Thursday, February 04, 2016

Why I Wrote a Book on Spirituality

As the release of my book inches ever closer, and in light of the conversation I've experienced this week that both inspired and resulted from Wednesday's post, I thought I'd offer a quick list of reasons why I wrote the book that I did.

The discussions I've been a part of this week helped generate this list, mostly in terms of helping to clarify the intended audience. I'm grateful for that, and I hope that in looking over this list maybe you or somebody you know might keep my book in mind when it comes out in a few months. And if this doesn't sound like it's for you, that's okay, too. Blessings on your journey either way.

Anyway. I wrote a book in spirituality...

...because Christian spirituality and spiritual practice actually does have a strong theological foundation and isn't as gooey as you think...

...because the Christian church existed prior to the Protestant Reformation, and they actually had some pretty good ideas about how to draw closer to God...

...because a lot of people in mainline churches are wondering if there are ways to connect with God besides three hymns and a sermon...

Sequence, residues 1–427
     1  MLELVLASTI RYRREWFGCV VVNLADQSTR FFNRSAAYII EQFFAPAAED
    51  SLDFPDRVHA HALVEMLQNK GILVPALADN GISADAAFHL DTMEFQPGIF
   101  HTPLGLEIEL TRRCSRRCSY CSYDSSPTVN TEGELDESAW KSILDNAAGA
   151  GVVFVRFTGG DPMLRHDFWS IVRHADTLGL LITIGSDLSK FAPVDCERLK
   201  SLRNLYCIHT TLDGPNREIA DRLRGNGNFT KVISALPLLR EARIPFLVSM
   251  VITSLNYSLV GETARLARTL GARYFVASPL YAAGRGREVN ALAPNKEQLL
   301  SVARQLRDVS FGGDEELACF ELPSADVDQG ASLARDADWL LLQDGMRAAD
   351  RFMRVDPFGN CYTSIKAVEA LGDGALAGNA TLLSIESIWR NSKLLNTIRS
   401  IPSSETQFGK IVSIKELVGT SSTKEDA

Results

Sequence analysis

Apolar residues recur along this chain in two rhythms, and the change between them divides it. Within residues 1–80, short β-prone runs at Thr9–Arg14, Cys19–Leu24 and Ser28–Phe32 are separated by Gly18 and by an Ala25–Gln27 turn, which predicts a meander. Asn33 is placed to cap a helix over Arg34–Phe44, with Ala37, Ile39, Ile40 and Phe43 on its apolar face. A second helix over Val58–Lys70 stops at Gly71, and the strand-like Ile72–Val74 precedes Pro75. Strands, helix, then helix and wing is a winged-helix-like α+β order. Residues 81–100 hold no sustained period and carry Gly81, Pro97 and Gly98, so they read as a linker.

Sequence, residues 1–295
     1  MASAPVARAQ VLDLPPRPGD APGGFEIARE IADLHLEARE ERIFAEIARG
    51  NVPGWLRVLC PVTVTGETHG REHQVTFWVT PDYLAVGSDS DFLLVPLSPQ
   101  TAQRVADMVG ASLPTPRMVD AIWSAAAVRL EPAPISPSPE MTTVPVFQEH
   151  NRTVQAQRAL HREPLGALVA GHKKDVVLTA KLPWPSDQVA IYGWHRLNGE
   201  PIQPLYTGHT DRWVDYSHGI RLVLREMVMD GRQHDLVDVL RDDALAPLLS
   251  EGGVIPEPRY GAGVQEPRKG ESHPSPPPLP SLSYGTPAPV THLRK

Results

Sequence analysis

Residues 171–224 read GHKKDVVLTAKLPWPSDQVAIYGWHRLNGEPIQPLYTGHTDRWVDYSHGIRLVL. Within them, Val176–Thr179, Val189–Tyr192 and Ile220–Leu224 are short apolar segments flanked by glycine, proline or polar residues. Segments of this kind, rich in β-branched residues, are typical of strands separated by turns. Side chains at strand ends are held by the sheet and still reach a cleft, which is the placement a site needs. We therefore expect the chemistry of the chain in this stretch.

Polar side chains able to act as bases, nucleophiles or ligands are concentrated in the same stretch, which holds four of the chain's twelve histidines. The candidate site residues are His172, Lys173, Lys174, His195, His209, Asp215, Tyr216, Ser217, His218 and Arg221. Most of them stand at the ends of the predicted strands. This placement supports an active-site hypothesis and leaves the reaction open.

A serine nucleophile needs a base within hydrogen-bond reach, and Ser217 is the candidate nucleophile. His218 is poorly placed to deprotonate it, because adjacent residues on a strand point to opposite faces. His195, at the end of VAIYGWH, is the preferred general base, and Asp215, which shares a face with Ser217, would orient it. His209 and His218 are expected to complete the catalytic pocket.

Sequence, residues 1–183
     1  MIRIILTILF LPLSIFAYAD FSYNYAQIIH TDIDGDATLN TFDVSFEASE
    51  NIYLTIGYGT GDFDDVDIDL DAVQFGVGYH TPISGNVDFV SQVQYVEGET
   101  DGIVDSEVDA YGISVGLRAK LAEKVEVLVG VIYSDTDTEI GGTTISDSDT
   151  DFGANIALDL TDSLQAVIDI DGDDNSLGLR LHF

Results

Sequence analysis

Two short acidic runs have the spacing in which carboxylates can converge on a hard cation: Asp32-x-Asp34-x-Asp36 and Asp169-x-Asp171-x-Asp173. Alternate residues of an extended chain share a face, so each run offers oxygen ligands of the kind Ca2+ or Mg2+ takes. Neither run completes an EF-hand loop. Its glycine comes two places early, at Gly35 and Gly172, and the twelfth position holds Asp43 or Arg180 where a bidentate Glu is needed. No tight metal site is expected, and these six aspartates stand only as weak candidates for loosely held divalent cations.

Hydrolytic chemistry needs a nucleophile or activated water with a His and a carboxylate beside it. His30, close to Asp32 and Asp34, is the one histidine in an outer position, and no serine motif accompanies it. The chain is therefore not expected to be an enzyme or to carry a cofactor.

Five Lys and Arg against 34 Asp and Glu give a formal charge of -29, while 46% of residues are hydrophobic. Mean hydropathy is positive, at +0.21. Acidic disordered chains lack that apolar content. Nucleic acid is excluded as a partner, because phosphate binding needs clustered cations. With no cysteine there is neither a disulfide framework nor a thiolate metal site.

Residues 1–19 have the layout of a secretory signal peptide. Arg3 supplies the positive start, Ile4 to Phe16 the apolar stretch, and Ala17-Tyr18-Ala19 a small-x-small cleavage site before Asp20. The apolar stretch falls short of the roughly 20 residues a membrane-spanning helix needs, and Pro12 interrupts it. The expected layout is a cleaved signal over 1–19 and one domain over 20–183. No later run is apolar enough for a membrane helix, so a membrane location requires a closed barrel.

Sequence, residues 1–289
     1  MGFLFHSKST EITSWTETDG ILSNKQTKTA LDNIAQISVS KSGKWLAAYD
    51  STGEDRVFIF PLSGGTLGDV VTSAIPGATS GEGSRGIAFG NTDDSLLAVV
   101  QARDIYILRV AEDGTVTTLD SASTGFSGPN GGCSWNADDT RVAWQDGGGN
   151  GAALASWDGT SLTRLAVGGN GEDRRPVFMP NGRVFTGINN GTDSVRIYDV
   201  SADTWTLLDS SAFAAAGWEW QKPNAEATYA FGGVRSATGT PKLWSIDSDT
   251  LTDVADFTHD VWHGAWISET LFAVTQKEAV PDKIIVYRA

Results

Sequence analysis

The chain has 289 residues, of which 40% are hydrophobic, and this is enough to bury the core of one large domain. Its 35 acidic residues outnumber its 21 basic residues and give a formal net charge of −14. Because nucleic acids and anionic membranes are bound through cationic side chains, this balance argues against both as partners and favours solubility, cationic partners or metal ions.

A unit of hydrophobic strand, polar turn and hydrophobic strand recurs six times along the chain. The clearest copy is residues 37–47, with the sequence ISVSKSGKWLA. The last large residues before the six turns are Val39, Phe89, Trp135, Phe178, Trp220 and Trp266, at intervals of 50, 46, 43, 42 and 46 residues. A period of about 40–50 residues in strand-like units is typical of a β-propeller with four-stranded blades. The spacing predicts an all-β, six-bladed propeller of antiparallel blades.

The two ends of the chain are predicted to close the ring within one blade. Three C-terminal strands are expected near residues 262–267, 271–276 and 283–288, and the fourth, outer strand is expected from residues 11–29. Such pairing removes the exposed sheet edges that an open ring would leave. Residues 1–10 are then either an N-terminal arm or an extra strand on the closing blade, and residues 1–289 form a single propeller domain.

...because a lot of people outside the church are wondering if it has more to offer besides three hymns and a sermon...

...because God transcends our entire lives and isn't bound by particular traditions, orthodoxies, and preferred worship styles...

...because moments like grilling out, tasting wine, and being with loved ones can be sacred as much as sitting in a sanctuary can be...

...because a lot of people don't seem to know what to do with the word "spirituality" in general...

...because the term "spiritual but not religious" isn't going away, so we in the church might as well embrace it and engage it constructively...